Rework — Jason Fried and David Heinemeier Hansson

8 Jan

reworkPublisher: Crown Business
Released: March 9th, 2010
Genre:Non-fiction, self-help, business
Source: Purchased

 

 

 

Most business books give you the same old advice: Write a business plan, study the competition, seek investors, yadda yadda. If you’re looking for a book like that, put this one back on the shelf.

Rework shows you a better, faster, easier way to succeed in business. Read it and you’ll know why plans are actually harmful, why you don’t need outside investors, and why you’re better off ignoring the competition. The truth is, you need less than you think. You don’t need to be a workaholic. You don’t need to staff up. You don’t need to waste time on paperwork or meetings. You don’t even need an office. Those are all just excuses.

What you really need to do is stop talking and start working. This book shows you the way. You’ll learn how to be more productive, how to get exposure without breaking the bank, and tons more counterintuitive ideas that will inspire and provoke you.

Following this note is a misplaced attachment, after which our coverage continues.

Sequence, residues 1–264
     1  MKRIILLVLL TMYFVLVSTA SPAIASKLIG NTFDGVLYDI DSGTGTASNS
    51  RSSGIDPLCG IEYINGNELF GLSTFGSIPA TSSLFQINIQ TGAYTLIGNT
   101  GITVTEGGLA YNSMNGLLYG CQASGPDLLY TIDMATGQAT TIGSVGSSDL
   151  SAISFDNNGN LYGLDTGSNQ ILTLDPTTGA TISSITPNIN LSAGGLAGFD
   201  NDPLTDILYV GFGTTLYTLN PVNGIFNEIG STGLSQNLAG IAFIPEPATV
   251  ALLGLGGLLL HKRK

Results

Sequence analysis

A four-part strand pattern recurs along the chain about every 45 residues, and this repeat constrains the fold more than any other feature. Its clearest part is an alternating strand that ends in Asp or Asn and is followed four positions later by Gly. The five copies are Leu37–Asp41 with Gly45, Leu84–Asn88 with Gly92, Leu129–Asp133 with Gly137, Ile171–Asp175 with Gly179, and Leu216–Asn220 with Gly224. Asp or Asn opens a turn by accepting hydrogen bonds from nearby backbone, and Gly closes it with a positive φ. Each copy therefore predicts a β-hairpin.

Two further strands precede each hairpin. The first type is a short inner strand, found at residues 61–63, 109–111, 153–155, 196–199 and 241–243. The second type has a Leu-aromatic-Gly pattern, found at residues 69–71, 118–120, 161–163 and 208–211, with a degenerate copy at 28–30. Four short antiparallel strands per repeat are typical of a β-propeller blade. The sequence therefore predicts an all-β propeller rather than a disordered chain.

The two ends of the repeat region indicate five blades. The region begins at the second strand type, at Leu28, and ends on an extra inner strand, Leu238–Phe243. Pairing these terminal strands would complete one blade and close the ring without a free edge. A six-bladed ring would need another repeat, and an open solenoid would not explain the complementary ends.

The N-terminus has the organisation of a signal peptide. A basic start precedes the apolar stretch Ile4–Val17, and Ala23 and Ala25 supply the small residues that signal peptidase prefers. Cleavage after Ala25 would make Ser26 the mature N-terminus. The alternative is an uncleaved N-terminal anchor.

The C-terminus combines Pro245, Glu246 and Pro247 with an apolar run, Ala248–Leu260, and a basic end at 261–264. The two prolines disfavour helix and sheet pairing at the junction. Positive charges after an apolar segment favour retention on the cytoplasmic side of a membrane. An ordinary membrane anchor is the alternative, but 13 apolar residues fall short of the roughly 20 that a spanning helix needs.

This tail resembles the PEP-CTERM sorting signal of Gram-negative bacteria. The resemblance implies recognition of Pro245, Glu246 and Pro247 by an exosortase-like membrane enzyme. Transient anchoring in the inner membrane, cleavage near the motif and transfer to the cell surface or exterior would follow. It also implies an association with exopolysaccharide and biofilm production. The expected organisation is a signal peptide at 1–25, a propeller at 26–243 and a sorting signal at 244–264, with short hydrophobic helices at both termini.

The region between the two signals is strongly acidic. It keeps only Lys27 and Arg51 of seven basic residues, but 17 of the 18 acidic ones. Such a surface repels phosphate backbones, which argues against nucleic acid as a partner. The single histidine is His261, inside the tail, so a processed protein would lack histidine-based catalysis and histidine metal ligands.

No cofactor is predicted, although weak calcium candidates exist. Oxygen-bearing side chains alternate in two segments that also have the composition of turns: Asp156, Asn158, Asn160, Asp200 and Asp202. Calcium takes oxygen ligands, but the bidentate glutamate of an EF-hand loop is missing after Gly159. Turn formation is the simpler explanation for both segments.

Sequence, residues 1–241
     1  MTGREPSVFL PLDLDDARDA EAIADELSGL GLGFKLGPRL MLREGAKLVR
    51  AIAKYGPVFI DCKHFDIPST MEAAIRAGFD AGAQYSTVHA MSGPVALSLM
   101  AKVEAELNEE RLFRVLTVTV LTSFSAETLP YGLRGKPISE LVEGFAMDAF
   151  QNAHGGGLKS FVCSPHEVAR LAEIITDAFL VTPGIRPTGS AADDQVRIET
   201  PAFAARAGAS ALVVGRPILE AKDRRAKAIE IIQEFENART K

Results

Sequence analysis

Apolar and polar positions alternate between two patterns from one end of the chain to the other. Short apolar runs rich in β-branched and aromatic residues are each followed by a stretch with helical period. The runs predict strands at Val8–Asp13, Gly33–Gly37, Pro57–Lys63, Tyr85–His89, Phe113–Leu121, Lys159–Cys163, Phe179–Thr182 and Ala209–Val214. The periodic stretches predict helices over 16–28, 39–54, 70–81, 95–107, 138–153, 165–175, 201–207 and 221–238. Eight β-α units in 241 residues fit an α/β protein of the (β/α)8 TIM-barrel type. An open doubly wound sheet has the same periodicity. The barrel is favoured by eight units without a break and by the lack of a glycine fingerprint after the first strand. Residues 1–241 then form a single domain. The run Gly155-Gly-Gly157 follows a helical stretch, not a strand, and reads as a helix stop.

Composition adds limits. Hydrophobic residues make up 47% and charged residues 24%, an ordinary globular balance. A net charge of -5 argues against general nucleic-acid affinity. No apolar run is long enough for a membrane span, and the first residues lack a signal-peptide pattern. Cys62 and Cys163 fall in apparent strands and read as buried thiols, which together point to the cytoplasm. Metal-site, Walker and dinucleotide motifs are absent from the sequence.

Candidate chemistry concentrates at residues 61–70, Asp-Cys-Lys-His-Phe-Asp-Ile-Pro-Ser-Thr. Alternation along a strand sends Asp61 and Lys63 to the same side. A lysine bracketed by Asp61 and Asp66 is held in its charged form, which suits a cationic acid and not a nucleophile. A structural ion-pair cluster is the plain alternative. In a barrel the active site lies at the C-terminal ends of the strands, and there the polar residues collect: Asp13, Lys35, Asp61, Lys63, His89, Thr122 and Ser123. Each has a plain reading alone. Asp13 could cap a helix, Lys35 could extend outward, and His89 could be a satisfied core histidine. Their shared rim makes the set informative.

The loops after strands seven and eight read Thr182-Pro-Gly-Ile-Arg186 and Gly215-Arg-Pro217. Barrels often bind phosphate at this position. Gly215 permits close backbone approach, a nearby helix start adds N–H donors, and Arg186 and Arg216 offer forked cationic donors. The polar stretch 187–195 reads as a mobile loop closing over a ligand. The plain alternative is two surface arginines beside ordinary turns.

With its straightforward language and easy-is-better approach, Rework is the perfect playbook for anyone who’s ever dreamed of doing it on their own. Hardcore entrepreneurs, small-business owners, people stuck in day jobs they hate, victims of “downsizing,” and artists who don’t want to starve anymore will all find valuable guidance in these pages.

From Goodreads

I liked this book. It was a quick read, which was neat because usually I slog through non-fiction. But I read this over the course of a couple of days during Christmas break.

If you’re looking for a straight forward, step by step how-to on changing your business ways, this isn’t the book for you. Move along. But if you’re looking for a book to get you thinking and excited about your current business or starting a new one, then this is definitely a read you’ll want to pick up.

The chapters are super short and focus on one thing that you can do/change to make your company grow and make your business successful.  It’s the short chapters that made this such a breezy read and made the pacing of the book quick. But I never felt like the authors were rushing through any of the topics.

I loved their enthusiasm for their business methods. It really got me excited and made me realize that some of my “weird” business ideas weren’t weird at all: they just weren’t traditional. Reading the book really helped me to see that I am on the right business track for who I am. Which is super exciting.

If you’re looking for inspiration and some cool counter-intuitive ideas about business, then I recommend this book 100%. However, if you’re looking for a how-to guide, you may want to skip this one.

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